I have been making notes for years, but I only began writing the memoir seriously after I attended the Bocas Lit Festival in Port of Spain, run by Marina Salandy-Brown. I met you and the other writers there and attended workshops by Marlon James and sessions with Anthony (Vahni) Capildeo, Nicholas Laughlin, and Shivanee Ramlochan. I began writing seriously from then onwards, starting with short stories.
One of my writing career highlights so far was attending your workshops in Port of Spain. I initially sat around your mother’s dining table alongside other Trinidadian writers, many of whom have gone on to be published, including Ayanna Lloyd Banwo and Alake Pilgrim.
In your workshops, I realised quickly that telling narratives in the long form is almost the opposite of journalism, where all the critical information is presented in the first few lines. I was inspired by your technical knowledge of the craft and insistence on digging until it cuts.
Lows, I have discovered, are essential to this craft. Writing is a job which requires unending patience, humility and toil; there are moments when I have felt lost in the labour of my mind and doubted myself. I struggled, for example, to cohere my life lived on three continents into one narrative; how to connect the story of my ancestors who lived under the Raj and witnessed the mutiny in India to the indenture of the New World.
My advice to others is to press ahead, do many drafts of your work, dig deep, put it aside from time to time, and get it critiqued by editors, not family or close friends.
Generations of women in your family endured unhappy, arranged marriages. Trauma has been handed down over generations, yet your family is part of a ‘privileged’ elite. Can you talk about the commonality of misogyny? Does it exist across all classes?
Yes. Misogyny is a global scourge that cuts across race and class. For my grandmother – a privileged, talented, wealthy woman – it meant sacrificing a scholarship to study music in Vienna in exchange for an unhappy marriage. Her great-grandfather, an army general, forced all the women in his family to marry according to his wishes, using the women as vassals to build dynastic links with other great families.
Why must Caribbean women’s stories be documented?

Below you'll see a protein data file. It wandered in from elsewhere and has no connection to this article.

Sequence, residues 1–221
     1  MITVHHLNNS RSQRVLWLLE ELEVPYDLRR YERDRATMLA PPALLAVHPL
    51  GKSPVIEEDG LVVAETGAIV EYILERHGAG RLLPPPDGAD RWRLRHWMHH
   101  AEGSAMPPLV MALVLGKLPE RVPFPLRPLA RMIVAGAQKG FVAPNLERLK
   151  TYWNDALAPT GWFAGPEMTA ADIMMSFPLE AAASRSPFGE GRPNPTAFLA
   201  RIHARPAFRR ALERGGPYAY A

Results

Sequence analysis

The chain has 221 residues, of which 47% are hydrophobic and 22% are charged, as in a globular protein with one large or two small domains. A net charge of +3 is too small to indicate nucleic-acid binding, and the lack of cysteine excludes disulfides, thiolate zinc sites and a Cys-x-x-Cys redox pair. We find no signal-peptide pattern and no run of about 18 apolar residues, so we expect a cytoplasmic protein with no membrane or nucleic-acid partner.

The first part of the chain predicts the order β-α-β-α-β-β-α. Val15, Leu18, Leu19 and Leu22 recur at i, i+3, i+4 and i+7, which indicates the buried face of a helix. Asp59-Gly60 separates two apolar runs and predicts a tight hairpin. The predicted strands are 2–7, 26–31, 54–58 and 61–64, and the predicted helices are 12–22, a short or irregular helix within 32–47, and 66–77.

Since gaining Independence from colonial rule, communities have not only had to heal the wounds of colonialism but also locate an authentic identity for those peoples who have been dislocated from their history and original culture by slavery and indenture. Caribbean women have roots in the Old World, but there has been no way of tracing where in Africa or India they come from. By insisting that English was the only accepted language of education and communication, other languages were broken, and the links to faraway continents turned flimsy.
Still, despite the many problems in the Caribbean today, gender equality has become less of an issue. Women have taken the reigns of family and community. Women in public life and education today are trailblazers. In 2022, there are eight female heads of state and prime ministers in the Caribbean. In Barbados, both the president and prime minister are women.
Caribbean women have been leading island states, from Dominica’s Dame Eugenia to Jamaica’s Portia Simpson-Miller, who served for two terms. Dominica led the way by electing its female Prime Minister in 1980. Since then, Haiti, Bermuda, Jamaica, Guyana and Trinidad and Tobago have followed suit by electing women as prime ministers.
As Barbados’s intrepid and outspoken prime minister, Mia Mottley, said, women have had to work twice as hard to be half as noticed as men, and that obstacle has produced greater competence. The examples set by women now have set the stage to remove this burden for the next generation. Perhaps the defection of men in family life – absent fathers created out of slavery and perpetuated through that same trauma – has led to matriarchy in Trinidad and the Caribbean.